The situation I’ve briefly outlined indicates that there is something extremely wrong with the University of Sydney’s approach to long-term management of its postgraduate student body. It is clear that the university does not take seriously its need to provide decent facilities for these students and in adequate volume, and this in turn means that it does not – it cannot – truly value its postgraduate students. I know that the many passionate supervisors and all members of staff who work with postgraduate students across many areas of the uni absolutely do care about us and have our best interests at heart. It is the university-run-as-corporation and its acolytes that is to blame. This post is a way for me to let out some of my pent-up frustration and to provide a very short overview of this issue for anyone interested. To do the issue justice would require more time than I have right now as my confirmation looms and thousands of archive pictures wait to be sorted through. The battle continues.


* University of Sydney policy – Essential Resources For Higher Degree by Research Students Policy 2016 (link opens a PDF). Also see the Tertiary Education Facilities Management Association’s “Space Planning Guidelines” (link opens a PDF).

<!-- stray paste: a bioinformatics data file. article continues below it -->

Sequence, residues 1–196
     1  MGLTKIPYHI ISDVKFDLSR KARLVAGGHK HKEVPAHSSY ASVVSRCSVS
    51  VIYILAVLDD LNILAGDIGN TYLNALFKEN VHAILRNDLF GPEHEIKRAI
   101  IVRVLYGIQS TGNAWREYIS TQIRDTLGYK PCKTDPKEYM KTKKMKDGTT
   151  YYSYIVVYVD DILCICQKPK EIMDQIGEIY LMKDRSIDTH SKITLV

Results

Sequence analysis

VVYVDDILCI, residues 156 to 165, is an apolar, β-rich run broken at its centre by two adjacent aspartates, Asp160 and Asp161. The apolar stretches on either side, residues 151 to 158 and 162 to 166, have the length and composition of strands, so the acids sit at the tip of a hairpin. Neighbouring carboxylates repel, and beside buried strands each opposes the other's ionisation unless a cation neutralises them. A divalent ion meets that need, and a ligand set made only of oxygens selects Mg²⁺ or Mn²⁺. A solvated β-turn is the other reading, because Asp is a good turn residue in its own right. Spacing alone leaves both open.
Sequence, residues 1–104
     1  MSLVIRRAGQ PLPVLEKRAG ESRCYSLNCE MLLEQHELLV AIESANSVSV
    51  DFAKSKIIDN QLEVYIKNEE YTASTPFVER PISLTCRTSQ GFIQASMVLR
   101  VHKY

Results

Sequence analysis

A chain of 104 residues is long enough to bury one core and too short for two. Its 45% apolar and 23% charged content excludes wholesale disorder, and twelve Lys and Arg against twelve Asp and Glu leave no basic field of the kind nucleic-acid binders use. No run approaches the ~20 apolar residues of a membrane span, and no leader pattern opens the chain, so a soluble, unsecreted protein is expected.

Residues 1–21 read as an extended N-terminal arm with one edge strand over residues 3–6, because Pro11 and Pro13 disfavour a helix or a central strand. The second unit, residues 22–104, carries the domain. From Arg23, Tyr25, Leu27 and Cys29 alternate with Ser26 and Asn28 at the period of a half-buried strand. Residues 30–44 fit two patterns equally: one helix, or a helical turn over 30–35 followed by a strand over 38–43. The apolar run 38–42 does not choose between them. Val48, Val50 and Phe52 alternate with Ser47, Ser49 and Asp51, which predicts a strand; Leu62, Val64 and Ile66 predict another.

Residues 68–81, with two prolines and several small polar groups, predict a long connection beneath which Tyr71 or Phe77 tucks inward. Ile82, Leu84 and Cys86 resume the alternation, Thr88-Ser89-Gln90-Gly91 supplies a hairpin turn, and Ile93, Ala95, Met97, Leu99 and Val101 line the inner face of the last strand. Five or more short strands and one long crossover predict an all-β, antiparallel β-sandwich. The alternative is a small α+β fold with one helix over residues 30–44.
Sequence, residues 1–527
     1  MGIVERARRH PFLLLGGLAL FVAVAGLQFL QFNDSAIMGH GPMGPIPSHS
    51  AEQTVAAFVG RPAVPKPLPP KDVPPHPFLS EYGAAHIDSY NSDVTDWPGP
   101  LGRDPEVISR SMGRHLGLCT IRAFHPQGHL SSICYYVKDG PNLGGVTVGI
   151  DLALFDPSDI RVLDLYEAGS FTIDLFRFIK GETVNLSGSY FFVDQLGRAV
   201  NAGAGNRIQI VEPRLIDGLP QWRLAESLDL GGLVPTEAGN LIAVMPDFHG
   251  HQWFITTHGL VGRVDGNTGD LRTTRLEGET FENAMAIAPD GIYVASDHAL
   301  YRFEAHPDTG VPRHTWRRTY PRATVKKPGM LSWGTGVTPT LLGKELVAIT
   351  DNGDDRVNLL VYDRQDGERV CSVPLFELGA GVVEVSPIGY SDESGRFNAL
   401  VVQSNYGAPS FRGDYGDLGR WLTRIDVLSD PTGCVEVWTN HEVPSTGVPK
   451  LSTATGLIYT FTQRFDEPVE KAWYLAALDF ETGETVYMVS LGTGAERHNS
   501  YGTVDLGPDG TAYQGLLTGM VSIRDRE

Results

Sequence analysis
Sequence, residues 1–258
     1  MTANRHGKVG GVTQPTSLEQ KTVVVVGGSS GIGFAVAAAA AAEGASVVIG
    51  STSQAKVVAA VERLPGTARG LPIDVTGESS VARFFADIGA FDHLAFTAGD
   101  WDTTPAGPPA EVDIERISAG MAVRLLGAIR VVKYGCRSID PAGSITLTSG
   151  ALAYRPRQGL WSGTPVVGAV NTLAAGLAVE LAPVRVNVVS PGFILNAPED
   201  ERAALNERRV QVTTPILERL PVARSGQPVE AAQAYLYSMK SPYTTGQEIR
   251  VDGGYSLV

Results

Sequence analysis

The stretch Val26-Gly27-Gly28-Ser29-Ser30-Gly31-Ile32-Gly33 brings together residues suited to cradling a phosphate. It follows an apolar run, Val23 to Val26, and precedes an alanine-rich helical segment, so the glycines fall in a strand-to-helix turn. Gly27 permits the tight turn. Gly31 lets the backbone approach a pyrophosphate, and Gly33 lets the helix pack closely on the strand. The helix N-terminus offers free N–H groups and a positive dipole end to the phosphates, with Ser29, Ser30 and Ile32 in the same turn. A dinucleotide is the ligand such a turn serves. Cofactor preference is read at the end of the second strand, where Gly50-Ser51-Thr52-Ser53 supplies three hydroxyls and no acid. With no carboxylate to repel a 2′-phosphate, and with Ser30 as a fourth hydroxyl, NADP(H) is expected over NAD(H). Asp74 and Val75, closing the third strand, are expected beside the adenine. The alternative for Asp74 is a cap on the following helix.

Lately I’ve been thinking about my own thinking, and specifically about how my education has created some unfortunate infrastructure in my mind that I’m now examining, pulling apart, rearranging, and sometimes throwing away.

One of the more bizarre experiences of my high school education was taking English Extension in Year 12. I tried to find the 2008 syllabus online but no dice. I think it’s maybe more fun to reflect on it using just my memories, rather than delving back into it all in a more concrete sense. The subject was primarily about getting students to produce readings of texts – so, pick a book or a film or whatever and pick a theory and do a reading of that text through the lens of that theory – in a more sophisticated way than was being taught in regular English classes. Barthes, Derrida, Kristeva, and Foucault, among others, were presented to us with minimal background information, really just as tools of sorts. Impose this over the book you’ve chosen and you will have your reading.

I have always been the kind of person who needs to know more and needs to know why, so the way this subject was taught was extremely disorienting. I can’t just read a bit of theory and take it at face value and dive in to applying it. I need to really understand who wrote it and what they were doing in writing it, and then I need to be able to correctly place it on my mental map of thinkers and ideas and history and so on. I need to understand what I’m doing.